3:45 Contributed talk: Bernard Cleyet, UCSC (retired), Is Popping Corn Kernels an Example of the Poisson Distribution?I’ll describe my attempt to show this along with a similar analysis of Geiger tube pulses.
4:00 Order of Magnitude contest and door prizes
4:15 Adjournment

Over fifty members of the Southern California Section gathered at Santa Monica College (SMC) for a day full of informative presentations and lively discussions. SCAAPT thanks Nuria Rodriguez, Jacob Morris and Steve Paik, who hosted the meeting at SMC, and Bradley “Peanut” McCoy, who served as Program Chair of the meeting. The meeting was called to order by SCAAPT President James Lincoln.

Thanks to several invited speakers from the Jet Propulsion Laboratory, this meeting had a strong astronomy emphasis. James Bauer shared results of his work where he studies “primitives” in the solar system- comets and other outer solar system objects. Dr. Bauer also described his work with NEOWISE, the Near Earth Object component of the Wide-field Infrared Survey Explorer telescope. Because dark asteroids re-radiate strongly in the infrared, NEOWISE observations can often provide better estimates for NEO diameters than can optical telescopes. He also suggested to attendees that they mark their calendars to look for comet ISON in early to mid-December. Since its perihelion distance will be 1.7 solar radii it’s expected that people should be able to view comet ISON with the naked eye, perhaps even during the daytime.

Bonnie Buratti presented the latest findings from Titan, the only known celestial body, other than earth, that has standing liquid. This moon of Saturn has conditions are near the triple-point of methane. Cassini has observed erosion features and lakes the size of Lake Superior. The atmosphere is remarkably like earth’s as it has similar pressure and composition (large component of nitrogen). There also seasonal cloud patterns and a methane cycle similar to the water cycle on earth. In fact, Titan could be considered another planet as it is larger than Mercury. In addition to her scientific work, Dr. Buratti is also passionate about science education, which has lead her to run summer institutes for science teachers. In her presentation, she showed some of the class activities that she shares with those teachers.

Amy Mainzer studies asteroid belt looking for answers to questions such as: How have these objects, which have been around for billions of years, now been kicked out of their stable orbits and toward earth? In discussing the recent impact near Chelyabinsk Russia, Dr. Mainzer shared information on the scale of meteors. For example, while the meteor in Russia was 17-20m across, most of the “shooting stars” that are observed are much smaller, closer to a grain of rice. Despite their small mass, their kinetic energies are several mega joules thanks to their high velocities.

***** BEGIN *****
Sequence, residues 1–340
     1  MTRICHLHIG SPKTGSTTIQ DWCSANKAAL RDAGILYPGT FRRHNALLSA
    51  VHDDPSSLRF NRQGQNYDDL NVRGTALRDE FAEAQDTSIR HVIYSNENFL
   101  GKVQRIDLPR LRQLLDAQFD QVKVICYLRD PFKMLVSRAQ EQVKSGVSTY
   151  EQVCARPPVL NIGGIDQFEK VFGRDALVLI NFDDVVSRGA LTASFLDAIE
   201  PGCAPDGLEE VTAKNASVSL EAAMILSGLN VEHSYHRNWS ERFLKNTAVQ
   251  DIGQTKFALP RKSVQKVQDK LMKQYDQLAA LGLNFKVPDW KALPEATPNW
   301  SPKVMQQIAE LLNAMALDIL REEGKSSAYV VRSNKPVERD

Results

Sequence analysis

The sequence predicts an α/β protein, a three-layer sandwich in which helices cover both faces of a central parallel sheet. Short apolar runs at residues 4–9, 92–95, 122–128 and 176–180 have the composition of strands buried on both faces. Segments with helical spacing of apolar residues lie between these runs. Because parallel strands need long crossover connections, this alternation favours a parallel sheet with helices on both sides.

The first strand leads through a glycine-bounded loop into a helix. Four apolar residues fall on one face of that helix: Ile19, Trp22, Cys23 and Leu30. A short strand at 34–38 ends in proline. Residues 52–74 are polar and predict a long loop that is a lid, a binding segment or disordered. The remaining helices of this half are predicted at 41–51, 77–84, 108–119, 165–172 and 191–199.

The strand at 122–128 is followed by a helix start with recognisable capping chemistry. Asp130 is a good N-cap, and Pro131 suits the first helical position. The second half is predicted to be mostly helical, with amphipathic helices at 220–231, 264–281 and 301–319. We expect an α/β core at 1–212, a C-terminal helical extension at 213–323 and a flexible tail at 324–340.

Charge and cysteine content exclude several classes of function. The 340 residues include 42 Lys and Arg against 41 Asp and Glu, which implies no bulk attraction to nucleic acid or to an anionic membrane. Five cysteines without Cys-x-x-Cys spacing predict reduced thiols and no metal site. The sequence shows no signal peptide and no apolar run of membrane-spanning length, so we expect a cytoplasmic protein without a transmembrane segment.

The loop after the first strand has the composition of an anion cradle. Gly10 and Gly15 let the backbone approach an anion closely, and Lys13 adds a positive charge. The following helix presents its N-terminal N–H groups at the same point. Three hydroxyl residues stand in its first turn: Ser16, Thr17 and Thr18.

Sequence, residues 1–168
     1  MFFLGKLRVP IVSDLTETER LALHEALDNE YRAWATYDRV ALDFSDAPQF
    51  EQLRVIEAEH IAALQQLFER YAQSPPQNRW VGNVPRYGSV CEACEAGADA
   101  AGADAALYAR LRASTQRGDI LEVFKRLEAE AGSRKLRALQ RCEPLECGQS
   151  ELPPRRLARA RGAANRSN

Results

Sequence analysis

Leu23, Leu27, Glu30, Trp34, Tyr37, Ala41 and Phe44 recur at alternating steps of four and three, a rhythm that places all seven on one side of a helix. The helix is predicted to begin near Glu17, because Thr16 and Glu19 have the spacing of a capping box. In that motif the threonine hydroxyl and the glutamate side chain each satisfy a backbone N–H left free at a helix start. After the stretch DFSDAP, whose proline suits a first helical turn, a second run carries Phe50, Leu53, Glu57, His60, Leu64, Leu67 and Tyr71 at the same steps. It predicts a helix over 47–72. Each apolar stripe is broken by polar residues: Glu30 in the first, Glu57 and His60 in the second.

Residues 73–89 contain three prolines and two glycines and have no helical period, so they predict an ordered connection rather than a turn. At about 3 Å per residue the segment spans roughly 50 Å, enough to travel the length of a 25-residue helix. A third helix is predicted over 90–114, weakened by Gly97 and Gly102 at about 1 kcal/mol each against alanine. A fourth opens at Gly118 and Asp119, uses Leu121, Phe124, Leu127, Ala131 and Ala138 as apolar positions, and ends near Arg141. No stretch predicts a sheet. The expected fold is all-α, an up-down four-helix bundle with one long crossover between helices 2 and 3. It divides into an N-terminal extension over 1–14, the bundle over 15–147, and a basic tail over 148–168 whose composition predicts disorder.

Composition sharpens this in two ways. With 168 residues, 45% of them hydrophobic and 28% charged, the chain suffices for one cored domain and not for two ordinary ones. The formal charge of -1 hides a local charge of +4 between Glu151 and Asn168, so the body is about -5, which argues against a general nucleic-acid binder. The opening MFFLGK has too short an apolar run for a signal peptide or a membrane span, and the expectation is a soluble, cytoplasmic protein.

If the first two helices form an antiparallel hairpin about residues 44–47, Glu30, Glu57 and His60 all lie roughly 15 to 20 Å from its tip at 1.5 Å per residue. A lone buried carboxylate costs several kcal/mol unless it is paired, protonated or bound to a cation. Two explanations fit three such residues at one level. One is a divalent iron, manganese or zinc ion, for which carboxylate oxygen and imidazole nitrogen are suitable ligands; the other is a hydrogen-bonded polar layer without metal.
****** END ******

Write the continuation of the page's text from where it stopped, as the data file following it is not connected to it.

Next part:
In the final invited presentation, Erick Wolf of Airwolf3D demonstrated the latest in 3D printing technology and discussed classroom applications. Airwolf3D sells not only assembled printers, but also kits, which can in of themselves become classroom projects. Mr. Wolf pointed out that the printers are now lower price than before. Contributing to 3D printers affordability is the fact that it is now possible to use open-source software when preparing the files. During the discussion, SCAAPT member Joe Wise mentioned that the necessary file to print out your own 3D version of the Vesta asteroid is available on JPL’s website.

During the Business Meeting, members congratulated Mary Mogge on her recent election to Vice-President of AAPT and thanked her for twenty years of service to SCAAPT.

Several other SCAAPT members also gave engaging contributed talks:

  • Jacob Morris, SMC – Circuit Voltages and Magnetic Flux
  • Gary Reynolds, Santa Ana HS – Physics and the Next Generation Science Standards
  • Walter Gekelman, UCLA; Pat Pribyl, UCLA; Joe Wise New Roads School; Bob Baker, University High; Nathan Agmon (student), North Hollywood High; Camie Katz (student), Harvard Westlake; Chris Ha (student), Palos Verdes High – Using resonance cones to produce plasma jets
  • James Lincoln, Tarbut V’Torah HS – 10 Demonstration Experiments with a Plasma Ball
  • Martin Simon, UCLA – Can Cell Phones Cause Cancer?
  • Bernard Cleyet, UCSC (retired), Is Popping Corn Kernels an Example of the Poisson Distribution?

The ever-popular Show ‘n’ Tell featured demonstrations by Steve Paik, SMC; Harry Manos, Los Angeles City College; Beth Stoeckly, CSU Channel Islands; Raymond Gilmartin (student) and Dean Papadakis, South Pasadena High School.

SCAAPT thanks its corporate sponsors – Edmund Scientific and Arbor Scientific– for their support and donation of door prizes. (Be sure to check out ideas for using a plasma globe, much like the two that were awarded as door prizes, at their website.)